My first priority is giving my patients not only the best care possible, but the respect and compassion that women need and deserve. I reach out to my LGBT community because they are in the minority, the underdogs in receiving medical care and gainful employment.
The National Survey of American Growth suggests that 1.6 percent of Americans identify themselves as lesbian, and 3.5 percent of women identify as bisexual. Historically, lesbian and bisexual women have felt afraid and apprehensive about getting healthcare because of confidentiality and disclosure, discriminatory attitudes and treatment, uncertainty about their health care needs and risks, and because of limited access to insurance.
Know your rights. The bottom line is that all healthcare providers must provide the same complete medical care to lesbian, bisexual, transgender, and heterosexual women.
Healthcare providers are often uncomfortable asking questions directly related to sexual orientation, but these specific questions are important and necessary in providing proper preventative care and treatment. When you’re having your medical and sexual history taken by your healthcare provider, they may overlook your sexual orientation.
A “yes” to the question of “Are you sexually active?” needs to be followed up with, “Are you sexually active with a male or female?” A lesbian may not offer that information unless she is asked directly, and if there’s no exchange of this vital information, there is no real communication between patient and healthcare provider.
I believe the medical community needs to take the lead and learn the appropriate and sensitive way of asking the potentially uncomfortable medical questions necessary to bridge the gap in a doctor-patient relationship, especially concerning lesbian and bisexual patients.
It’s also essential that a lesbian or bisexual woman find a healthcare provider with whom she feels completely comfortable. And that comfort needs to extend to a welcoming and receptive office staff as well.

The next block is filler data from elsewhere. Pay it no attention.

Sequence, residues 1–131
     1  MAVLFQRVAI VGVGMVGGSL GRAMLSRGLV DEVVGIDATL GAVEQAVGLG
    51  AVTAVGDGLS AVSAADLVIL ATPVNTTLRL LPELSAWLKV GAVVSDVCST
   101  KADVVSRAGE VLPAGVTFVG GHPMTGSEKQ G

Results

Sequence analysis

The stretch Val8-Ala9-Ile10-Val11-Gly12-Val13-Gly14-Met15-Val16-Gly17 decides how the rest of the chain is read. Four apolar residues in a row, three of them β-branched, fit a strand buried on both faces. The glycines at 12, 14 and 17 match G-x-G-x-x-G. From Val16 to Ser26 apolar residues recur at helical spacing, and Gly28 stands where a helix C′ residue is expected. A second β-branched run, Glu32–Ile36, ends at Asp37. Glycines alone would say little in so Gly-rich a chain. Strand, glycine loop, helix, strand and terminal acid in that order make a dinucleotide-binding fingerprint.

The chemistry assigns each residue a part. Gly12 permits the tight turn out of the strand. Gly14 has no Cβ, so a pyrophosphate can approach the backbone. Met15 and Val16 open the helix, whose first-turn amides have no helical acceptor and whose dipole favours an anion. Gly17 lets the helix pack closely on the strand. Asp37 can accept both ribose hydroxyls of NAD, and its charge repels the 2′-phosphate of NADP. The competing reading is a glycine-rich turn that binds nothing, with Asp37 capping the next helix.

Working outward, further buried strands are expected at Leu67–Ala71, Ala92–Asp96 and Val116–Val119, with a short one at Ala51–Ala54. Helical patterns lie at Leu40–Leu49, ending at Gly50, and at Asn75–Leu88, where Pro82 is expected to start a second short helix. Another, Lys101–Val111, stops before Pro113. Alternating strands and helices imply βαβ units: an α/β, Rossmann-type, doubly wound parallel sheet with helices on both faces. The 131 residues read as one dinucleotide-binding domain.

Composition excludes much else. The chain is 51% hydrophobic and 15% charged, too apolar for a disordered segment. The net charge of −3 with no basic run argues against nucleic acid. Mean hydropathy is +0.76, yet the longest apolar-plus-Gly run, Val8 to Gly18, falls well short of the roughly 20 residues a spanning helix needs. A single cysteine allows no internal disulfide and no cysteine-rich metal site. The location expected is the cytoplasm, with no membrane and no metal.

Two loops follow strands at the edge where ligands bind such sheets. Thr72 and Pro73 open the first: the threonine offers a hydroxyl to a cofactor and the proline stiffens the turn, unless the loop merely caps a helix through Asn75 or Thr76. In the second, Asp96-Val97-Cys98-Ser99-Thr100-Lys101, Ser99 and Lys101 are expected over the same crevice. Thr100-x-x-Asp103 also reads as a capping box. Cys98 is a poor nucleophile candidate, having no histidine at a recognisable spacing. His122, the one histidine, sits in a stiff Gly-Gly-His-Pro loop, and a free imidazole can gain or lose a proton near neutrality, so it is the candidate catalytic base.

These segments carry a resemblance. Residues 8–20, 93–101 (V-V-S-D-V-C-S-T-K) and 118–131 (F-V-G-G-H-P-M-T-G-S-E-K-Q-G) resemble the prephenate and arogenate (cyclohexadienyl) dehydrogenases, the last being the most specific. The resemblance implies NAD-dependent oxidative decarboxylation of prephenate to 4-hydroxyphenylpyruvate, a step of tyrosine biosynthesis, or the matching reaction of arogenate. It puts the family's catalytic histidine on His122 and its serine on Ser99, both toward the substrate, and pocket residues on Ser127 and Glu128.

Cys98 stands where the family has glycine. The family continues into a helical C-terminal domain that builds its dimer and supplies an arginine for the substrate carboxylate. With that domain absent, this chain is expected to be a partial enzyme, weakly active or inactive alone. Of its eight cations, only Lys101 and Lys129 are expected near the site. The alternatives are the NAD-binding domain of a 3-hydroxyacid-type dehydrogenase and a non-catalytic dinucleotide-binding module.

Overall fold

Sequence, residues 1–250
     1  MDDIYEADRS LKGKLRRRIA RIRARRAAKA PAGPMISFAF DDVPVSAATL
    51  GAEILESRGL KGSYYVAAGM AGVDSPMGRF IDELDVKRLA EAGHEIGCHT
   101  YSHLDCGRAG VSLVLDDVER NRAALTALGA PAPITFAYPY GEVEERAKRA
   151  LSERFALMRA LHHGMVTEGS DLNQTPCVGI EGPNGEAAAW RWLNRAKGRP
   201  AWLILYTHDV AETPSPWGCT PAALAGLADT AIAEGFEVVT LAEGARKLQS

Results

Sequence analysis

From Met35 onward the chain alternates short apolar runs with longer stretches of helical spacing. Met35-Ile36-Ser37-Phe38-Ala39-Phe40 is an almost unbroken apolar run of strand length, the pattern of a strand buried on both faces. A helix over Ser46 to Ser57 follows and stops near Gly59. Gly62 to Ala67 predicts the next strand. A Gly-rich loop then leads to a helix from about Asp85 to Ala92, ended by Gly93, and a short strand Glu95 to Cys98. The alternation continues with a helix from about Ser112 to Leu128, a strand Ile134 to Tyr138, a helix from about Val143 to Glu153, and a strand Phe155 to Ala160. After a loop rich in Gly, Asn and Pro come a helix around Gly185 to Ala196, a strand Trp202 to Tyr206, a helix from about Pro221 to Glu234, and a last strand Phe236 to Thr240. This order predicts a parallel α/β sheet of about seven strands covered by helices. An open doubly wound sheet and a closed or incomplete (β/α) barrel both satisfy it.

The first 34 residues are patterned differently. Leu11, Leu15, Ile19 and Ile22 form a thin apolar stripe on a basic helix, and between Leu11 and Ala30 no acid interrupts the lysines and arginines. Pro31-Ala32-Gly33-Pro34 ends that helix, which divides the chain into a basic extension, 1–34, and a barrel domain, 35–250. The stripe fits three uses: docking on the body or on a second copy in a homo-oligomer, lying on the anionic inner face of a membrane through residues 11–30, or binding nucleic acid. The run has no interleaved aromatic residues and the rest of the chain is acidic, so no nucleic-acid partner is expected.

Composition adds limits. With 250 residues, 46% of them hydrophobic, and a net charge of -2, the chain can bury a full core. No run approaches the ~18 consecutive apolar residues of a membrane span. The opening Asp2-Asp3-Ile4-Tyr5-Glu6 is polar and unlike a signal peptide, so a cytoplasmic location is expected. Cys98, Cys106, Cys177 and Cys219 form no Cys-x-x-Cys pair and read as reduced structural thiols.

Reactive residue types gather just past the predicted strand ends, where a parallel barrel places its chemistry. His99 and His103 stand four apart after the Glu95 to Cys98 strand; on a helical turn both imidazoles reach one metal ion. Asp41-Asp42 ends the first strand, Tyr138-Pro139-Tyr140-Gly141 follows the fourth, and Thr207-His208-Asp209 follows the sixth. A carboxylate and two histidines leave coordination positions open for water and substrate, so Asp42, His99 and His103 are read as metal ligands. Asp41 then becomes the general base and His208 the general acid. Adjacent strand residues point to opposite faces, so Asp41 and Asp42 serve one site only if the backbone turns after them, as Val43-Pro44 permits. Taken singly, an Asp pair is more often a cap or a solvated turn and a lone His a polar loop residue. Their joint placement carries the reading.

Studies in the past have found that lesbians and bisexual women have higher health risks than heterosexual women and a greater incidence obesity, tobacco use, drug and alcohol use, Type 2 Adult Onset Diabetes, lung cancer, cardiac disease and heart attacks. Whatever the factors in these health concerns (perhaps depression caused by alienation or discrimination?), it is important for lesbians to be aware of their increased health risks and even more important for them to disclose their sexual orientation to their healthcare provider so that they may provide the appropriate medical screenings.
Since same-sex marriage is now legal, employment rights and benefits now include lesbians, gay couples, and domestic partnership. That said, some health providers will not provide fertility services to women who identify themselves as lesbian. These providers seem to think that the families in the LGBT community must be guided by different rules and guidelines than heterosexual couples. But sexual orientation should never be a barrier to receiving fertility treatments — The American College of Obstetricians and Gynecologists backs me up on this one.
Same-sex couples are getting married, planning families, and trying to live their American Dream, but the truth is that for the LGBT community, the dream is more complicated than for most Americans. Lesbian, bisexual, transgender, and heterosexual vaginas all have the same gynecological health and medical needs.
Demand respect from your healthcare providers, and, more to the point, give your body, your soul, and your vagina the respect they deserve. Claim the person you are and love them for life!